Here's a scenario taken right from the trials and tribulations of an Appliantology tech: you're troubleshooting a no heat complaint on a GE electric dryer. You start your troubleshooting with the heating circuit, and your findings are puzzling: there are 120 volts on either side of the heater with respect to neutral, but when you do a voltage reading across the heater, you get some weird amount like 80 volts. What gives?
There are a couple of things going on here, and one is easily remedied: you need to start using a loading meter. That weird 80 volts you're seeing? Ghost voltage. I've already written about what ghost voltage is and how to avoid being tricked by it, so you should click here to check that post out if you haven't already.
Once you start using a loading meter, like you always should for AC loads, you'll find that you've actually got 0 volts across that heater. But we're still left with a mystery: why are we reading 120 volts on either side of the heater wrt neutral, but not 240 across it? Is this just an example of an open heater?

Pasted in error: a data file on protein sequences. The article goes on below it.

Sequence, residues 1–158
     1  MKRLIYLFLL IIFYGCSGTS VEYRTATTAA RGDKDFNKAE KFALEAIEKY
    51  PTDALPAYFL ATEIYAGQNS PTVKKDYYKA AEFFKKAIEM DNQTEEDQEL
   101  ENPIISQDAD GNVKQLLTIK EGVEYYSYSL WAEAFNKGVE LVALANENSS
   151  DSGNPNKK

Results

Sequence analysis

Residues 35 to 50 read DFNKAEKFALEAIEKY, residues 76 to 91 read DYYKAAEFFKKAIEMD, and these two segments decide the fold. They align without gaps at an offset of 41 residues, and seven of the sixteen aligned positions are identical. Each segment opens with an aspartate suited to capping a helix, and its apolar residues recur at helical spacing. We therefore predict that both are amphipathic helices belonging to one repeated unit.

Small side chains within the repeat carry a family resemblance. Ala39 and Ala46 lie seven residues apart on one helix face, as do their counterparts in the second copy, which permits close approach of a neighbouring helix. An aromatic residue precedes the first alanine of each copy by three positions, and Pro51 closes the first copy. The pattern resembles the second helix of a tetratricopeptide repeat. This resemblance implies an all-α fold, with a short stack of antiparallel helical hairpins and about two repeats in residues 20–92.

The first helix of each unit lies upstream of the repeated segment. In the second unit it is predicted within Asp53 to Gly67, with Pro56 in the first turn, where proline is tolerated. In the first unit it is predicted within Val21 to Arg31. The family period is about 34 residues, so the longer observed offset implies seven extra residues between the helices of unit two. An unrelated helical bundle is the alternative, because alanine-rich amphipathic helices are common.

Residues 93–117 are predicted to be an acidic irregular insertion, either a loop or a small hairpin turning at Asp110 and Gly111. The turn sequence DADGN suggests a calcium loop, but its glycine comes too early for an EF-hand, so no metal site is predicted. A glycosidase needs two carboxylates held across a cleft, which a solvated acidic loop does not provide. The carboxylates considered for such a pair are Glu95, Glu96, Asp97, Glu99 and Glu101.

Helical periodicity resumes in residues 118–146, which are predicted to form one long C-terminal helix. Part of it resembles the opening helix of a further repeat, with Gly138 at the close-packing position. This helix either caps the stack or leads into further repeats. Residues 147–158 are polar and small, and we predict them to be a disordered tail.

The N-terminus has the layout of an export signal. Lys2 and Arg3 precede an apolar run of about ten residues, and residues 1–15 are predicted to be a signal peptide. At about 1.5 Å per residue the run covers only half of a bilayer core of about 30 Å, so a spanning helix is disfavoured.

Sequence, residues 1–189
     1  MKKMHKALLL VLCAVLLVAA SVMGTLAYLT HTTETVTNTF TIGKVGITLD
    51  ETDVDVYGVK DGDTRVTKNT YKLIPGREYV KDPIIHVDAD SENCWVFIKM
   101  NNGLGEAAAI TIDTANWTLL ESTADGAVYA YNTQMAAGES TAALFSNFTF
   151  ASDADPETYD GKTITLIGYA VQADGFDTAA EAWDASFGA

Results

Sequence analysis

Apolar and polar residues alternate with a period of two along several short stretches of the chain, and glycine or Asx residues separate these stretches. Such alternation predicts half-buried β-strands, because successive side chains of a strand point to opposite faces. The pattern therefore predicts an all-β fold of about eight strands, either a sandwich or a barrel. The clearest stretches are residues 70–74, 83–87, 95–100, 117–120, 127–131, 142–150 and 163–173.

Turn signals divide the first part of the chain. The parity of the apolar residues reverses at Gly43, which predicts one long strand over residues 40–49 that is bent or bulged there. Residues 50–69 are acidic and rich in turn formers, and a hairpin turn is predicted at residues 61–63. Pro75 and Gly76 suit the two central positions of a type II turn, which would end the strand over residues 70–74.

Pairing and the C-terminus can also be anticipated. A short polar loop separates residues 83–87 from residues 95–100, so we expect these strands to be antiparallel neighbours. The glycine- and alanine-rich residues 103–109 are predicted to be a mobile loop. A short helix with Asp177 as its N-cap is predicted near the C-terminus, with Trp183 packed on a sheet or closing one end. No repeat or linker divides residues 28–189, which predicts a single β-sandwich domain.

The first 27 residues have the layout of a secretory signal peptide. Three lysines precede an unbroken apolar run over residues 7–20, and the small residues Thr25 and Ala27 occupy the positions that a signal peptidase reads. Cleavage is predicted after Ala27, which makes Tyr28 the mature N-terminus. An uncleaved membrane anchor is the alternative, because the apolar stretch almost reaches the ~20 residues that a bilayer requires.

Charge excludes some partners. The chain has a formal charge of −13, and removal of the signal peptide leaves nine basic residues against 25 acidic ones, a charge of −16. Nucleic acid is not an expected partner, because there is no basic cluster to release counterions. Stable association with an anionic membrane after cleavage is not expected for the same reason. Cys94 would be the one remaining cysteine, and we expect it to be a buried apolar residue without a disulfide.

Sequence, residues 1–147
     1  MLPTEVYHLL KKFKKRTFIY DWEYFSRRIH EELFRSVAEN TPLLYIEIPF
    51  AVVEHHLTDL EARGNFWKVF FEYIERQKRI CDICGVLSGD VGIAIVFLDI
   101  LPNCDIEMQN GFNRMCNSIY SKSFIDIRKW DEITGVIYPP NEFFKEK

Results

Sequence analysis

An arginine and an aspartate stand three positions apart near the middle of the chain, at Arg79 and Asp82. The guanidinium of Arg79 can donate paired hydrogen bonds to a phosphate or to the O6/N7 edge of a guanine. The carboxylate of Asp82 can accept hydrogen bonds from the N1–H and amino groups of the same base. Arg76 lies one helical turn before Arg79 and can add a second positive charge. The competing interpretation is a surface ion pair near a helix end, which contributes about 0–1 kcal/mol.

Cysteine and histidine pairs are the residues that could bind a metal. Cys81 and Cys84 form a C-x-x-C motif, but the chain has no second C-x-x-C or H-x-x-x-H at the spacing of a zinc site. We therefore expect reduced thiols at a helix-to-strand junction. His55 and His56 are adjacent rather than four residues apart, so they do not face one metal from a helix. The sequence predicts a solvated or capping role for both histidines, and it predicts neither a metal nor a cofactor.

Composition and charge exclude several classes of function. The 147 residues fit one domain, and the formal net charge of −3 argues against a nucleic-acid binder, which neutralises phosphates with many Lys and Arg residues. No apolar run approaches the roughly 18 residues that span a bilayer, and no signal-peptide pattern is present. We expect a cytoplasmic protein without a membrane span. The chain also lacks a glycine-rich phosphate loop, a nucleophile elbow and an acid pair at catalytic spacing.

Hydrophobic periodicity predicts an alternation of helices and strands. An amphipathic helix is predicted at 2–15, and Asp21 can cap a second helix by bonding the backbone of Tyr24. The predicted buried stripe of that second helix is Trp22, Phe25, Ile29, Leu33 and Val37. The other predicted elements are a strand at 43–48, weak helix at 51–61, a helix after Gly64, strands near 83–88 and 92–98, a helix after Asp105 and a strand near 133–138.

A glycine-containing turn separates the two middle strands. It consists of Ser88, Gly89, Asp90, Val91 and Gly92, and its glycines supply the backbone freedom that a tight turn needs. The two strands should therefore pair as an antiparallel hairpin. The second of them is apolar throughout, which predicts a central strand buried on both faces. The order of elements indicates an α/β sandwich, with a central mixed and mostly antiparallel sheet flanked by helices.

Not so fast. First, let's look at the schematic and see how this circuit is supposed to function.
Here's L1 traced out in red, and L2 traced out in orange. Standard stuff for a 240 VAC load. But what would happen if one of those voltage legs were missing? Let's see how that would look:
I've put a break in L2 in the form of that black X. Here's what happens: since we no longer have a valid circuit, there's no current flow. Without current flow, there's no voltage drop. That means that if voltage is present on one side of a conductor, even a load like the heating element, it will also be present on the other side, since it doesn't get dropped.
We now see how we got that reading earlier: we were reading L1 on both sides of the heating element. And since L1 has no voltage difference with itself, our loading meter told us there were 0 volts across the heating element.
And wouldn't you know it -- those marked-up schematics show exactly what happened in our little case study. There's a fuse for each line on the terminal block, and one of them had popped, effectively creating the scenario I described above.
Want to learn more about how voltage works in a circuit and how to apply that knowledge to real world troubleshooting? Click here to check out our Core Appliance Repair Training course over at the Master Samurai Tech Academy.